|Journal||Labour / Le Travail|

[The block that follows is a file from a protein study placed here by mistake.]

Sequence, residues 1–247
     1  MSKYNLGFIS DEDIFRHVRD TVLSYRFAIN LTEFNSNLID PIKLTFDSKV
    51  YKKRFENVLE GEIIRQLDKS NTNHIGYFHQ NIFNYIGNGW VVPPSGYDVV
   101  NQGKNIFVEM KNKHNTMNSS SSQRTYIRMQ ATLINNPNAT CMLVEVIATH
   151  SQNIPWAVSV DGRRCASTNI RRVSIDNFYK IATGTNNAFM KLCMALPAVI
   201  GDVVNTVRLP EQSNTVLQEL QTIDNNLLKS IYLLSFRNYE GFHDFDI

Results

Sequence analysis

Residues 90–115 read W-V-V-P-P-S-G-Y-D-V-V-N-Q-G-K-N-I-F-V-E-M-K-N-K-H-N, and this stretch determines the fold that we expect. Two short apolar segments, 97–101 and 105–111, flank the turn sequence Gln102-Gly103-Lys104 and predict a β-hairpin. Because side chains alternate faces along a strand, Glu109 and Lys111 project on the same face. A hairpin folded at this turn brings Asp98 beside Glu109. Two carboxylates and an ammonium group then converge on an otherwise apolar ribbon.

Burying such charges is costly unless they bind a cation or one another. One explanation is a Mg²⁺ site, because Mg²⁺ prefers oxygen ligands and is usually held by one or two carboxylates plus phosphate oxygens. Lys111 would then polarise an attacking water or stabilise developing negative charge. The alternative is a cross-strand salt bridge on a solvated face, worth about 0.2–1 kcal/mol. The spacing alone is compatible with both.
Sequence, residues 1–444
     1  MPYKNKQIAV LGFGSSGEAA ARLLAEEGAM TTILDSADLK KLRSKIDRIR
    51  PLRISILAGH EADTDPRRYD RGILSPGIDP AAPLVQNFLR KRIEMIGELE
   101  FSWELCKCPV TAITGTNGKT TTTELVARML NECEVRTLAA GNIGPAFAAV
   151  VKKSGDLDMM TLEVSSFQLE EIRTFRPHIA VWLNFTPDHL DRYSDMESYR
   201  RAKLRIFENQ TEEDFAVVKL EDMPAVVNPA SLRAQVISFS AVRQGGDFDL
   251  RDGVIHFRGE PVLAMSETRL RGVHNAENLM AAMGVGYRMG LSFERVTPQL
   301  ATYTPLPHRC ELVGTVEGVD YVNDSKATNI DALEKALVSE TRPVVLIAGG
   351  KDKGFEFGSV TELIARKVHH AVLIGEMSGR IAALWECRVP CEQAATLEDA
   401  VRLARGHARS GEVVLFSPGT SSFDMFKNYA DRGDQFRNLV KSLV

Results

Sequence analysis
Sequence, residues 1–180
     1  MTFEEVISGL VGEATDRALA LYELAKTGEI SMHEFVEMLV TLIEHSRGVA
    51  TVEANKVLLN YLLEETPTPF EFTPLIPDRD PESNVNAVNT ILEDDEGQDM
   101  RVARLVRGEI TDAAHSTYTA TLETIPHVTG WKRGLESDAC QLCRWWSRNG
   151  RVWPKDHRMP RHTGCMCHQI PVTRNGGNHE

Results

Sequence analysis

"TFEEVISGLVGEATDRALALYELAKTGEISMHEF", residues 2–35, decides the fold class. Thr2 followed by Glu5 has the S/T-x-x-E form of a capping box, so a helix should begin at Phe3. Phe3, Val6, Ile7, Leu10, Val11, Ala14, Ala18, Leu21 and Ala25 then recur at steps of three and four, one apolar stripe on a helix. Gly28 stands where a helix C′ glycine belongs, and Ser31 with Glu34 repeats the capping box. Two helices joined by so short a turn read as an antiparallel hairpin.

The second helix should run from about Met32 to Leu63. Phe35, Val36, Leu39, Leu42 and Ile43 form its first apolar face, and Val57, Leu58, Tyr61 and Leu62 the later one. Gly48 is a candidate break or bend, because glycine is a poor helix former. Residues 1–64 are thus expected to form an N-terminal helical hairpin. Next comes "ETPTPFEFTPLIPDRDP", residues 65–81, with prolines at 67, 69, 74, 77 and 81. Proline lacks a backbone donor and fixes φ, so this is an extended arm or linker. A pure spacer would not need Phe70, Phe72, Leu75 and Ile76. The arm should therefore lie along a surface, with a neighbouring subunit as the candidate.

My research explores the labour conditions experienced by foreign nurses employed in health care in the province of Nova Scotia, Canada, on temporary permits. I draw on ethnographic interviews to understand the nuanced ways in which foreign nurses feel welcomed in their local communities and work-places, yet simultaneously remain subject to hostile racialized scrutiny. Nova Scotia is one of the least ethnically diverse provinces in Canada and one of the most economically impoverished. It faces a shortage of healthcare workers, exacerbated by the ongoing restructuring of the healthcare sector. These contextual factors contribute to the complicated push-pull matrix discussed by the temporary foreign nurses, who feel needed, but not wanted. This matrix cannot be dismissed as simply the racism and "backwardness" of local communities. Rather, it must be understood through a political economy focus on temporary foreign workers, restructured health care, and the normalization of a precarious labour landscape in which racialized foreign and local workers are pitted against each other.